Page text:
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[7]  Madhusudhana Rao, K.; Krishna, P. V. and Hemanth Kumar, V. 2015. Mangrove floral diversity and necessity for conservation of Interu mangrove swamp of River Krishna estuarine region Andhra Pradesh, India. International Journal of Advanced Research 3(6): 829-839.
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[8]  Banerjee, L. K.; Sastry, A. R. K. and Nayar, M. P. 1989. Mangroves in India, identification manual. Government of India. Botanical Survey of India.
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[10]  Upadhyay, V. P.; Ranjan, R. and Singh, J. S. 2002. Human mangrove conflicts: The way out. Current Science 83: 1328-1336.
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[11]  Zhang, Y.; Wang, W.; Wu, Q.; Fang, B. and Lin, P. 2006. The growth of Kandelia candel seedlings in mangrove habitats of the Zhang jiang estuary in Fujian, China. Acta Ecologica Sinica 26: 1648-1656.
In article      View Article
 
[12]  Elizabeth McLeod and Rodney, V. S. 2006. Managing Mangroves for Resilience to Climate Change. The World Conservation Union (IUCN), Gland, Switzerland.
In article      
 
[13]  Roychoudhury, N.; Meshram, P. B. and Rajesh, K. M. 2017. Floral diversity in mangrove forests of Bhitarkanika, Odisha. Van Sangyan 4(10). Oct.2017.
In article      
 
[14]  Giri, C.; Ochieng, E.; Tieszen, L. L.; Zhu, Z.; Singh, A.; Loveland, T.; Masek, J. and Duke, N. 2011. Status and distribution of mangrove forests of the world using earth observation satellite data. Global Ecology and Biogeography 20(1): 154-159.
In article      View Article
 
[15]  Arun, T. R. and Shaji, C. S. 2013. Diversity and Distribution of Mangroves in Kumbalam Island of Kerala, India. IOSR Journal of Environmental Science, Toxicology And Food Technology 4(4): 18-26.
In article      View Article
 
[16]  Madhusudhana Rao, K. and Krishna, P. V. 2014. Checklist of Fishes from Interu Mangrove Swamp of River Krishna Estuarine Region Andhra Pradesh, India. International Journal of Advanced Research 2(8): 301-306.
In article      
 
[17]  Government of India. 1987. Mangroves in India - Status report. New Delhi, Ministry of Environment and Forests. 52-55.
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[18]  Dislich, R. and Pivello, V. R. 2002. Tree structure and species composition changes in an urban tropical forest fragment, Sao Paulo, Brazil during a five-year interval. Boletim de Botanica da Universidade Sao Paulo 20: 1-12.
In article      View Article
 
[19]  Sreelekshmi. S.; Chakkalakkal, M. P.; Rani, V.; Philomina, J.; Chalil, V. A. et al. 2018. Diversity, stand structure, and zonation pattern of mangroves in southwest coast of India. Journal of Asia-Pacific Biodiversity 11(4): 573-582.
In article      View Article
 
[20]  Ralph, C. J.; Sauer, J. R. and Droege, S. 1995. Monitoring Bird Populations by Point Counts. Gen Tech Rep PSW-GTR-149 Albany, CA. US Department of Agriculture, Forest Service, Pacific Southwest Research Station. 187 pages.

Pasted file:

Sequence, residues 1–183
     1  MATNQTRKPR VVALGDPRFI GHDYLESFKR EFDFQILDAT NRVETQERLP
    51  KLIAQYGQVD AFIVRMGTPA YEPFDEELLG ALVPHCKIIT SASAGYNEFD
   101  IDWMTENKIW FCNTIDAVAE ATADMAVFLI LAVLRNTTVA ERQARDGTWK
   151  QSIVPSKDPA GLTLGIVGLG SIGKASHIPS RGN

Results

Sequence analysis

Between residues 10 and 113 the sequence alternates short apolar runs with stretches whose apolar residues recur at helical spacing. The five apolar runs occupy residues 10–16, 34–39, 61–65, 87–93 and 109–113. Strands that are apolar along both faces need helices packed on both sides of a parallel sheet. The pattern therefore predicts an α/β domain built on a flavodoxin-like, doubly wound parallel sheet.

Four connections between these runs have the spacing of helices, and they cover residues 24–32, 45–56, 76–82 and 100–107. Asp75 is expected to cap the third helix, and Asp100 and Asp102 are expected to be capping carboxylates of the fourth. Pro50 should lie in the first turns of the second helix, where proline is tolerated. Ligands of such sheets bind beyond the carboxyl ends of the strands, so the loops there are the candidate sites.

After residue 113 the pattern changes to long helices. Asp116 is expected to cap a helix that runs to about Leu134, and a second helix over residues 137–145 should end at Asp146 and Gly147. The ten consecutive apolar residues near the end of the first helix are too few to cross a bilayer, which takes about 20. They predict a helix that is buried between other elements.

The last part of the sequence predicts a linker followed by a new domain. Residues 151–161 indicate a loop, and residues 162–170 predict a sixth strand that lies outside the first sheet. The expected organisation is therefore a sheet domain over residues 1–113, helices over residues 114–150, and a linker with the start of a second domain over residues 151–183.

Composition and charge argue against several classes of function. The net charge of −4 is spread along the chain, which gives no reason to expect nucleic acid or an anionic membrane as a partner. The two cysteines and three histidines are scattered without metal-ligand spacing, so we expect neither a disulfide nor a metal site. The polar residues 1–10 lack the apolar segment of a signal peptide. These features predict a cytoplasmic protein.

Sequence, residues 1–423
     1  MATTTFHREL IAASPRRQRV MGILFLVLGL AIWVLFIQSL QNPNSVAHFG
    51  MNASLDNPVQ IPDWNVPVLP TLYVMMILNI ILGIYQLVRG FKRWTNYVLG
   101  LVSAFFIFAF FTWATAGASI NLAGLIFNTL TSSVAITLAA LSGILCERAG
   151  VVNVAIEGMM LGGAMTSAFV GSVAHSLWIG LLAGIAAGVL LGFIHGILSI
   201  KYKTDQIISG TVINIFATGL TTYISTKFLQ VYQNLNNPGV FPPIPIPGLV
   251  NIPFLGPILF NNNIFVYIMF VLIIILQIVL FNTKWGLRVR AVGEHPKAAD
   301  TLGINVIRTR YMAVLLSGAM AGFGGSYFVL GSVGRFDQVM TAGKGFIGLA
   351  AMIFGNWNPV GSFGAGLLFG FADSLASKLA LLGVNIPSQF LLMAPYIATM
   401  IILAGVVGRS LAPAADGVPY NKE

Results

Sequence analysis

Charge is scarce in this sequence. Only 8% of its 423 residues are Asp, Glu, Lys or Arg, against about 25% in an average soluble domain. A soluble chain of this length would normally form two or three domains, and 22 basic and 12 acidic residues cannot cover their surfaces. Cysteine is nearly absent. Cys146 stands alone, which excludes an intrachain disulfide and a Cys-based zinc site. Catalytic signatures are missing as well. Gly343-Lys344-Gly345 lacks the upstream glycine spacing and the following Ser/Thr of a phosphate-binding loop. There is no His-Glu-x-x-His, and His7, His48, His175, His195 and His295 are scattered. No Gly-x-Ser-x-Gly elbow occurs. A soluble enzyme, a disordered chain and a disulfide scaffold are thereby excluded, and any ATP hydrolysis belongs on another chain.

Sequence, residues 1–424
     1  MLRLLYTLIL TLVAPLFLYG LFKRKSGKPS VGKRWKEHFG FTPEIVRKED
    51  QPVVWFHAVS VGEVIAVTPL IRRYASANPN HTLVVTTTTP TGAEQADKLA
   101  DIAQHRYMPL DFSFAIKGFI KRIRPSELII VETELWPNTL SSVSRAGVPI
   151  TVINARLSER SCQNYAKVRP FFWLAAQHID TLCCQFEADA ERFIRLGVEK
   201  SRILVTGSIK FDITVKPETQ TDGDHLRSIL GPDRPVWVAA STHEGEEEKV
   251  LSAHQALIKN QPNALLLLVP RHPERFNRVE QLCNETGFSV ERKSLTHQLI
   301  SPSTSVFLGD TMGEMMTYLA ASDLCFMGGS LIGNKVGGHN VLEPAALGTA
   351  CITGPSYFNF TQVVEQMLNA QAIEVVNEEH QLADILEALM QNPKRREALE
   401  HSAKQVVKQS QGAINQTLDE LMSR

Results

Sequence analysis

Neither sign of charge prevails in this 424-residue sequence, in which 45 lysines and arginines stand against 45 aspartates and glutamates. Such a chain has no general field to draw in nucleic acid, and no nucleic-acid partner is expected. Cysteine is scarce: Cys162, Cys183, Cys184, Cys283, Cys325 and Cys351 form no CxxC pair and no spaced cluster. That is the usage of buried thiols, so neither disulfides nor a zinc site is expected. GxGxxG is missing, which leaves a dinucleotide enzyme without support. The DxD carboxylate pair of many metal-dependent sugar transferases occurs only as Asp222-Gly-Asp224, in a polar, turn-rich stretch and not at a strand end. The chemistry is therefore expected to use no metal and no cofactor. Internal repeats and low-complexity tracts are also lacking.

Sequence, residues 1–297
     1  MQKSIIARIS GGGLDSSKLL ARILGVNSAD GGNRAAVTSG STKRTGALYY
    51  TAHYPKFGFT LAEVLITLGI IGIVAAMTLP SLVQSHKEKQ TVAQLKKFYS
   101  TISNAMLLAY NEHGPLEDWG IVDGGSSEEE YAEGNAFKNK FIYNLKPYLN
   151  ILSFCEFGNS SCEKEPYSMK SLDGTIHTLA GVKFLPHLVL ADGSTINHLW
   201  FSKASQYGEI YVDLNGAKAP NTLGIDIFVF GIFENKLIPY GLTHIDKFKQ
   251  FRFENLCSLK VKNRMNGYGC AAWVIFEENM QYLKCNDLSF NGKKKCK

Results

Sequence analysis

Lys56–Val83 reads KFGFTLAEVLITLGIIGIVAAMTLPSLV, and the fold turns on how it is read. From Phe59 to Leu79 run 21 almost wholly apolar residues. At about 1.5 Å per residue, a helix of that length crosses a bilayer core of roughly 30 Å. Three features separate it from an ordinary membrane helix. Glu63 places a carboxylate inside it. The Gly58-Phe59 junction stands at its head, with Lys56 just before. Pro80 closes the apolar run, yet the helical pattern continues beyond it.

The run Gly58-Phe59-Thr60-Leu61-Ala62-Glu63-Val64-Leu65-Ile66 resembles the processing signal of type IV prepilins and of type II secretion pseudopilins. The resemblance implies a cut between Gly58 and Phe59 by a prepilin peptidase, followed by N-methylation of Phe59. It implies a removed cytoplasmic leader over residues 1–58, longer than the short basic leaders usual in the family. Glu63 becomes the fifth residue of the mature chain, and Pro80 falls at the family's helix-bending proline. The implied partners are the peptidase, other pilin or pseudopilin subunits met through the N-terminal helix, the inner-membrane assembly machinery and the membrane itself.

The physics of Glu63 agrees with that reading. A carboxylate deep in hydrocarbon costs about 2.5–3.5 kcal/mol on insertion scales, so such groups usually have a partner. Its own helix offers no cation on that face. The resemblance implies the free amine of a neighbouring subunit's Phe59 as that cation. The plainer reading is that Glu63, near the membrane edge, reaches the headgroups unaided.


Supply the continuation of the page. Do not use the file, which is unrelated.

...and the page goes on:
In article      View Article
 
[21]  BSI. 1998. Mangroves, Associates and Salt Marshes of the Godavari and Krishna Delta. A. R. K. Sastry.; L. K. Banerjee and D. Ghosh(eds), ENVIS, Botanical Survey of India.
In article      
 
[22]  Gamble. J. S. 1957. Flora of the Presidency of Madras. Botanical Survey of India, Calcutta.
In article      
 
[23]  Matthew, K. M. 1983. The Flora of the Tamil Nadu Carnatic. The Rapinat Herbarium, Tiruchirapalli.
In article      
 
[24]  Gamble, J. S. 1921-1935. Flora of the Presidency of Madras. Volume I - III. Botanical Survey of India, Calcutta.
In article      
 
[25]  Pascal, J.P. and Ramesh, B.R. 1987. A Field Key to the Trees and Lianas of the Evergreen Forests of the Western Ghats (India). French Institute, Pondicherry.
In article      
 
[26]  Pascal, J.P. 1988. Wet Evergreen Forests of the Western Ghats of India - Ecology, Structure, Floristic Composition and Succession. French Institute, Pondicherry, India.
In article      
 
[27]  Ghosh, A.; Mukherjee, S.; Sen, N.; Dasgupta, M. and Naskar, M. 2003. Floral diversity of mangroves and mangrove associated species in the Indian Sundarbans with special reference to distribution and abundance. Journal of the Indian Society of Coastal Agricultural Research 21(1): 53-58.
In article      
 
[28]  Clarke, L. D. and Hannon, N. J. 1967, 1969. The mangrove swamp and salt marsh communities of the Sydney district. II Tholocoenotic complex with particular references to physiography. Journal of Ecology 57, 213-234.
In article      View Article
 
[29]  Macnae, W. 1968. A general account of the flora and fauna of the mangrove swamps and forests in the Indo-west Pacific region. Advanced Marine Biology 6: 73-270.
In article      View Article
 
[30]  Twilley, R. R. and Chen, R. 1998. A water budget and hydrology model of a basin mangrove forest in Rookery Bay, Florida. Australian Journal of Freshwater and Marine Research 49: 309-323.
In article      View Article
 
[31]  ENVIS Center on Floral Diversity. 2014. Botanical Survey of India. http://bsienvis.nic.in/Database/Indian Mangroves_3941.aspx.
In article      
 

Published with license by Science and Education Publishing, Copyright © 2021 Abhishek Bharadwaj R and Devi Prasad A.G

Creative CommonsThis work is licensed under a Creative Commons Attribution 4.0 International License. To view a copy of this license, visit http://creativecommons.org/licenses/by/4.0/

Cite this article:

Normal Style
Abhishek Bharadwaj R, Devi Prasad A.G. Floristic Studies of Sasihithlu Estuary of Dakshina Kannada, Karnataka, India. Applied Ecology and Environmental Sciences. Vol. 9, No. 4, 2021, pp 458-464. http://pubs.sciepub.com/aees/9/4/5
MLA Style
R, Abhishek Bharadwaj, and Devi Prasad A.G. "Floristic Studies of Sasihithlu Estuary of Dakshina Kannada, Karnataka, India." Applied Ecology and Environmental Sciences 9.4 (2021): 458-464.
APA Style